At the minute the “gaining weight is cool” movement is circulating through the fitness and body positivity community like wildfire, and I love it. Because gaining weight is hands down the coolest thing I’ve ever done. It’s allowed me to eat whatever I want, go out for meals without having a mini breakdown both before and after and most of all it’s allowed me to enjoy my life regardless of what the number on the scale says. And contrary to my belief that gaining weight would make me miserable, at my highest weight I am a million times happier – and healthier – than I ever was when I was 28 pounds lighter. Oh and I also have tonnes more energy, better skin and hair, and seem to have acquired some boobs. So y’know, I’m pretty content.
I heard a couple of women talking in the gym the other day about how they’d really let themselves go over Christmas. Translation: they stopped caring about losing weight for a couple of weeks because they were too busy enjoying their lives. It got me thinking a lot about the concept of letting yourself go, and I have come to the indisputable conclusion that letting yourself go is actually one of the greatest things you can achieve.
Looking at the right hand side photograph above, 3 years ago (probably even one year ago) I would have definitely asked myself how on earth I let myself go so much. Where are my abs? Where did those belly rolls come from? And don’t even get me started on those tree trunk legs … (yes, I have been told this, and I have also been told that they would look better if they had less muscle. FU.) Being afraid to let yourself go is telling yourself that there’s a part of you that needs to be contained, the part that wants pizza or ice cream or the part that asks you to sloth out on the sofa because you’re exhausted. But what letting yourself go really means is finding freedom. Instead, we live our lives abiding by these rules that we’ve made for ourselves and in the process we lose our intuition.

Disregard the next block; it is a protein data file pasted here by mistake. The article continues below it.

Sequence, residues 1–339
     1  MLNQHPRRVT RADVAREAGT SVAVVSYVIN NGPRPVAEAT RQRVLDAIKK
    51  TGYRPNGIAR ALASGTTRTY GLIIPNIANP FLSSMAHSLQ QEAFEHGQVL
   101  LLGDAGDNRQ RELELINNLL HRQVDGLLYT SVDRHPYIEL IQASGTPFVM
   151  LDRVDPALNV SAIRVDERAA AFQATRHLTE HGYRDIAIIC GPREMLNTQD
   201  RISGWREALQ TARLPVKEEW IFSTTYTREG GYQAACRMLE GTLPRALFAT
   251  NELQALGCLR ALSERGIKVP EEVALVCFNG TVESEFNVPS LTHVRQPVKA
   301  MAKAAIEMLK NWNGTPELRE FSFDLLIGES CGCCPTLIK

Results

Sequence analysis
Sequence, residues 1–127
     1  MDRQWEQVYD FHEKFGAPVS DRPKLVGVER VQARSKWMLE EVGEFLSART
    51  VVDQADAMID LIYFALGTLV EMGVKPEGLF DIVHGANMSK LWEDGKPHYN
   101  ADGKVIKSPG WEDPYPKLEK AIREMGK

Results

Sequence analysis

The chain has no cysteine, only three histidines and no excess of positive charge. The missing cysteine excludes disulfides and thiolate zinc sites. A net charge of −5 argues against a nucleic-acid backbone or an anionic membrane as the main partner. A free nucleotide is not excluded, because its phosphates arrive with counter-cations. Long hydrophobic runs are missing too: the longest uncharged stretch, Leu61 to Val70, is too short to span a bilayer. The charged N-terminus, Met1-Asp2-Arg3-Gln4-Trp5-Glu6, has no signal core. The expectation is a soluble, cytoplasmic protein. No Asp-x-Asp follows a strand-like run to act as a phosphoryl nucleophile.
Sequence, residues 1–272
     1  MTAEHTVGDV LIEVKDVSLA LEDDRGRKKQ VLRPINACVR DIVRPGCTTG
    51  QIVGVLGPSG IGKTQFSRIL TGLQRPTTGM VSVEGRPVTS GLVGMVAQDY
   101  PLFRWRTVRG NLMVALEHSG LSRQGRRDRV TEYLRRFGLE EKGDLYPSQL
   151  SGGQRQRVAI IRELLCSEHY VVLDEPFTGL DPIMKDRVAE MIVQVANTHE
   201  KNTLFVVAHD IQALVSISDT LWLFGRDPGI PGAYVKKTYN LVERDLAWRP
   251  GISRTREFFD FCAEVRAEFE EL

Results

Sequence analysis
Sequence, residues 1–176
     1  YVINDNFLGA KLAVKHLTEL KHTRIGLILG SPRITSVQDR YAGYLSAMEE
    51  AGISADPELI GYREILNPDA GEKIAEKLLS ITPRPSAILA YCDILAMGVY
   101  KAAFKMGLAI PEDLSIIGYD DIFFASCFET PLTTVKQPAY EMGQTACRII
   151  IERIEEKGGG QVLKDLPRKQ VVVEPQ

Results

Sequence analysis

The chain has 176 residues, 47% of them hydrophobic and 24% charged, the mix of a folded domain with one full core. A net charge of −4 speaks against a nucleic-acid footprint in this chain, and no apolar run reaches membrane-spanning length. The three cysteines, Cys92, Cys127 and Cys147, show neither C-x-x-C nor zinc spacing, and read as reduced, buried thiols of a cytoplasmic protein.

We think if we keep this tight leash on ourselves, we can control our lives and the world around us. Control is rooted in fear. It was only when I finally let go of my control around food and exercise that I realised something – I was never the one in control. They were the ones controlling me.
Only when you let yourself go do you truly become yourself. You find the freedom your body has always craved and you learn to tune into your intuition. This might come with a few extra pounds or an extra belly roll or two but so what? Is that really the worst thing that could happen in your life?
Live your life, love yourself and let yourself go.
Lots and lots and lots of love,